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Wednesday, November 25, 2009

definition of "immanentizing the eschaton"

From the 2002-01-16 Goldberg File:

At the end of my column, "We Can See Clearly Now," I chastised many of you for not being more zealous promoters of NRO. I wrote:

I'm not asking anyone to become the high-minded ideological equivalent of a Howard Stern listener, calling in to shows to ask Brian Lamb if he's immanentized his eschaton lately, but it would be nice if you could swing the big foam finger with "NRO's Number 1" every now and then.

This elicited three types of responses: 1) people wanting to know where they could buy a big foam finger with "NRO's Number 1" on it, 2) ecstatic shouts of "Thank God someone remembers!" or "Nice Illuminati reference!" and 3) people who wanted to know, "What the hell does 'immanentized his eschaton' mean?"

It is this last category of readers who were ensnared by my conservative dork trap. And now that I have you tied up in curiosity, like Butch and Marsellus in Pulp Fiction, I can indulge myself at my leisure. "Immanentize the eschaton" is a hard-core conservative insider-thing. Sort of like saying "TK-421, where are you?" to a Star Wars freak.

In modern parlance, the phrase was coined by the late, great Eric Voegelin in The New Science of Politics in 1952. Voegelin doesn't make for easy reading, and if you can get through The New Science of Politics you probably think I'm an idiot and aren't reading this column anyway. One small example: Voegelin writes, "The problem of an eidos in history, hence, arises only when a Christian transcendental fulfillment becomes immanentized. Such an immanentist hypostasis of the eschaton, however, is a theoretical fallacy." Now, if you can understand that the first time through, you probably need a tan.

Anyway, Voegelin believed that Western civilization took a wrong turn under those damnable Gnostics. Gnostics are small furry creatures with opposable thumbs and who tend to get into your garbage cans. Oh, wait. Sorry. Those are raccoons (whom Cosmo considers to be Gnostics — very long story there).

Gnostics were pre-Christian, early Christian, and various Jewish sects who believed that if you stood on one foot while saying the alphabet backwards, or some other silliness, you could release your soul from material constraints while you were still alive.

Actually, that may not be exactly right either. The problem is that Gnosticism took many forms, in many places, over many distinct periods (sort of like bell-bottom pants). The central thing to keep in mind is that Gnostics believed that personal enlightenment — or revelation to a specific truth or viewpoint — liberated you from the need to find salvation in the afterlife or through any conventional, institutional means. Instead of going to salvation, they brought salvation to them (a Muslim Gnostic, I assume, could have his 72 virgins delivered to his home — which, if true, would make Islamic Gnosticism the fastest-growing religion in the world, for men). It's not surprising, then, that the Catholic Church was constantly putting out Gnostic fires through most of its history.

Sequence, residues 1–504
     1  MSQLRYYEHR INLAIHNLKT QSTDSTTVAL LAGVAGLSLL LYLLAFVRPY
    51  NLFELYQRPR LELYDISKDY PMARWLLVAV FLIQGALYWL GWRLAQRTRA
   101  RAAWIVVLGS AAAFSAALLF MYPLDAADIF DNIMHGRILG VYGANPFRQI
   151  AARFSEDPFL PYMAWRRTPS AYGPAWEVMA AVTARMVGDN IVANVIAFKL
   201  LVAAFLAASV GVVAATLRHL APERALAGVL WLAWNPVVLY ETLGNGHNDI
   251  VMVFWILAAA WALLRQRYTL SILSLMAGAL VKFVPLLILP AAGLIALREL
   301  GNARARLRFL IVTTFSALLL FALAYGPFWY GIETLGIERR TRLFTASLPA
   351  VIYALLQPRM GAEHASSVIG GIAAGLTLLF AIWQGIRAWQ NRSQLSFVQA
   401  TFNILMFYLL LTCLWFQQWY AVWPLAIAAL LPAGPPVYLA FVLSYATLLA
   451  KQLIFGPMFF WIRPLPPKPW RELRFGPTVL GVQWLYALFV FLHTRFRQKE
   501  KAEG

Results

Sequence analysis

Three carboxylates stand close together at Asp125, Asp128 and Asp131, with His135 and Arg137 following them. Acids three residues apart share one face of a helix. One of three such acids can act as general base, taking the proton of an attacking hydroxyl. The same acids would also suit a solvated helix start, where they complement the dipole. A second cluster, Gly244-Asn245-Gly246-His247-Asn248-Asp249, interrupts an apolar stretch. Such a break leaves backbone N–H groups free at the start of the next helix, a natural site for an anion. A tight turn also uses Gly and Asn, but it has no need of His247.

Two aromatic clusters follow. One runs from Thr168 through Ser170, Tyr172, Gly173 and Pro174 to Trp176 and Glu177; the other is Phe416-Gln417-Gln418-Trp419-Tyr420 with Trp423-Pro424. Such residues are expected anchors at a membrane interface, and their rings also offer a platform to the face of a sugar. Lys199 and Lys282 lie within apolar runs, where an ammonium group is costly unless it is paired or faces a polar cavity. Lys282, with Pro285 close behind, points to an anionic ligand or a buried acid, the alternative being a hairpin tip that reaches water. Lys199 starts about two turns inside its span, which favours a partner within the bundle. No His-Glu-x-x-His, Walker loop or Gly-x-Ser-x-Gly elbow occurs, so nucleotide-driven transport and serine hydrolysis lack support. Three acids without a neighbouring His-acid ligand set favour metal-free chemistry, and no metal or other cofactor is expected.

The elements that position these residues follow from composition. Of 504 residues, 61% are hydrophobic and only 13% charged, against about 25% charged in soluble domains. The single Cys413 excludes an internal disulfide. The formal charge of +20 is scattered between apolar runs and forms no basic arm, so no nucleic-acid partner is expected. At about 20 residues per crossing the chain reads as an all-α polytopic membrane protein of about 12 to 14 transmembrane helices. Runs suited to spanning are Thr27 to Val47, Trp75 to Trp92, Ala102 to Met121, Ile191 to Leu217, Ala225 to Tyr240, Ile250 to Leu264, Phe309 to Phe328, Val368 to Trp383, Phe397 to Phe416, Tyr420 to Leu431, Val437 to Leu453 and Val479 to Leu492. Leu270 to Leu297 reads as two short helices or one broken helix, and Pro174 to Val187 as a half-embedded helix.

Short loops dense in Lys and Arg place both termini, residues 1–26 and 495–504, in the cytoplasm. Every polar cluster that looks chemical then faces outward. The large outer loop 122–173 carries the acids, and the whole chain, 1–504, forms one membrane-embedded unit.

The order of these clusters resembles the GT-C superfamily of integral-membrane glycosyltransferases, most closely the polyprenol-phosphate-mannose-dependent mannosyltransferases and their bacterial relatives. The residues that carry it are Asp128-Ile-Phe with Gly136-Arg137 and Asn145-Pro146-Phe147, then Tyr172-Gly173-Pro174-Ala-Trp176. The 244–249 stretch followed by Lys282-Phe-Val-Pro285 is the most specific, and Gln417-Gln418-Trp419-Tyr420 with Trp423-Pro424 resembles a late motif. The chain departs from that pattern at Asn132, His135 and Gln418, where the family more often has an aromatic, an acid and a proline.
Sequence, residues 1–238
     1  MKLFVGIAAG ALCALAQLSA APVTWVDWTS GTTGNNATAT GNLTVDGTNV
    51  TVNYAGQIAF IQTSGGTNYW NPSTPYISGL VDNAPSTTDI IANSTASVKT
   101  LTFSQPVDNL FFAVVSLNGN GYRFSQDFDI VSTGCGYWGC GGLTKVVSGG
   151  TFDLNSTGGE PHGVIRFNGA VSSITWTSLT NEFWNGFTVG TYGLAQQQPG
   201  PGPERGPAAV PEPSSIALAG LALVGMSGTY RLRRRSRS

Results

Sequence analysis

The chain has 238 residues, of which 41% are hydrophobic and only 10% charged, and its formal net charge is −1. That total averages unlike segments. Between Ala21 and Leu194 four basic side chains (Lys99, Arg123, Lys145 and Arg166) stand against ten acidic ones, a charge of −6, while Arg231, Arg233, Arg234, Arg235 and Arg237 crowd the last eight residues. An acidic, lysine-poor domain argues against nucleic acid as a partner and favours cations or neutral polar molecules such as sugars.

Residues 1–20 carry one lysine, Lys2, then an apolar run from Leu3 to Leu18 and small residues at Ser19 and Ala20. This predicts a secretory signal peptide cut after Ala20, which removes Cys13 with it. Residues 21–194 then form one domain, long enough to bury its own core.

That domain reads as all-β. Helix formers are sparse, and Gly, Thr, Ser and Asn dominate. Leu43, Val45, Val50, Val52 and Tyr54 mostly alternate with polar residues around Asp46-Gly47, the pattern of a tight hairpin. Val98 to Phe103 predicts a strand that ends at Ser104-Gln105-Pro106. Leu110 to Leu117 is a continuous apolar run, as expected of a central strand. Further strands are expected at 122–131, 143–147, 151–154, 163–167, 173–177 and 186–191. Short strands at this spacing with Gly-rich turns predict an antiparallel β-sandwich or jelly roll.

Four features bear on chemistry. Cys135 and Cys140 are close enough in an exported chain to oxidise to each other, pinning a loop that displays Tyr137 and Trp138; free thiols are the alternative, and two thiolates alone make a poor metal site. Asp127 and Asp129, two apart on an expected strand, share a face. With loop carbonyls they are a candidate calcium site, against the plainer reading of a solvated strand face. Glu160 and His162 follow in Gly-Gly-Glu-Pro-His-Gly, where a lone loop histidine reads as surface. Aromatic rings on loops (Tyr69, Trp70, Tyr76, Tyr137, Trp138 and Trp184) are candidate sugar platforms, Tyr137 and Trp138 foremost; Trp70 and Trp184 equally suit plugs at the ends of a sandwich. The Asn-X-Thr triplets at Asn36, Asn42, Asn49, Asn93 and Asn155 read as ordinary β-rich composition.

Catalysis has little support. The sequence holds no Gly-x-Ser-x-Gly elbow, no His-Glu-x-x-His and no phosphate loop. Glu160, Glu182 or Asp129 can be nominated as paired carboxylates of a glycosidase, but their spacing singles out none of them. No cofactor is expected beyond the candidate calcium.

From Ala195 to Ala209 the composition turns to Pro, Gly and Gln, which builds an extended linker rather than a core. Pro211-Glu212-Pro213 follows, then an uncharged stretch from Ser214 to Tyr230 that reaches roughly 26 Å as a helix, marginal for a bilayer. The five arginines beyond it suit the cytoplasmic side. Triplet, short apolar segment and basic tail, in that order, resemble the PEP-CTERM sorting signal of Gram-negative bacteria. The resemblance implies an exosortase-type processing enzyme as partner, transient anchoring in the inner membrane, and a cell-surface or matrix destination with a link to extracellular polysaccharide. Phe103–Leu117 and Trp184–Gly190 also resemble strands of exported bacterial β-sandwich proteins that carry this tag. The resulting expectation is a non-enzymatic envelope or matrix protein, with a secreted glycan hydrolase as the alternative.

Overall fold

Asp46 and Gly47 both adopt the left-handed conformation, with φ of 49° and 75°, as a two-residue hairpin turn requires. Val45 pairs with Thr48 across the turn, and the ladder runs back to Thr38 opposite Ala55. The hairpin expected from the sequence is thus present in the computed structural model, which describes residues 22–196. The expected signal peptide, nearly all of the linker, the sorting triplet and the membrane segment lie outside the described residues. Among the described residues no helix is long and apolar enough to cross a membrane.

Because the Gnostics believed they — and they alone — had figured out God's plan in the here and now, they tended to be very, very smug and more than a little annoying (except when they were on the rack, which tended to make them a lot less smirky). It also inclined Gnostics to argue that heaven could be established here on earth, that through material or political means they could perfect the inherently imperfectible.

If that sounds shockingly like Hillary Clinton to you, you deserve a door prize ("But I don't need a door!" my couch just heckled). Voegelin believed that Gnosticism flourished in the liberal, leftist, Nazi, and Communist minds. These folks were hell-bent (heh, heh) on creating heaven on earth. According to Voegelin's perspective, Ralph Nader is a direct descendant of — I am not making this up — such 9th-century crypto-Gnostic thinkers as Scotus Eriugena (if you are tempted to write me saying, "Eriugena was a pantheist, not a Gnostic," I bet you need a tan too).

So: Immanentize means to make part of the here and now. Eschaton, like eschatology, relates to the branch of theology which deals with humanity's destiny. You know, the end times, when all of that wacky, end-timey, Seventh-Seal stuff happens (oceans boil, the righteous ascend to heaven, Carrot Top is funny, etc). Hence "immanentizing the eschaton" means, in effect, trying to make what is reserved for the next life part of the here and now. You can see why all sorts of cults, heretical sects, Scientologists, and various flavors of Mother Jones readers — including the Fighting Illuminati — would be accused of doing precisely that.

So why do conservatives care about all this so much? Well, because in the 1950s and 1960s, thanks largely to William F. Buckley's popularization of the phrase, Young Americans For Freedom turned it into a political slogan. Pale YAFers sported bumper stickers warning, "Don't Immanentize the Eschaton." I believe buttons were made for Mr. Buckley's mayoral campaign when he ran against that renowned eschaton immanentizer, John Lindsay, saying the same thing.

Now that you know all that, I should apologize to Brian Lamb for suggesting that he's such a person. However, you can hardly deny that some C-SPAN callers would dearly love to immanentize the eschaton.

It is important to realize the similarities between the Gnostics and the humanists, being a branch of leftism as I see it, a descendant of Christianity and rightist philosophy. Their idea is that their own respective personal knowledge and possession of such knowledge is a key to salvation, not a relationship with God.

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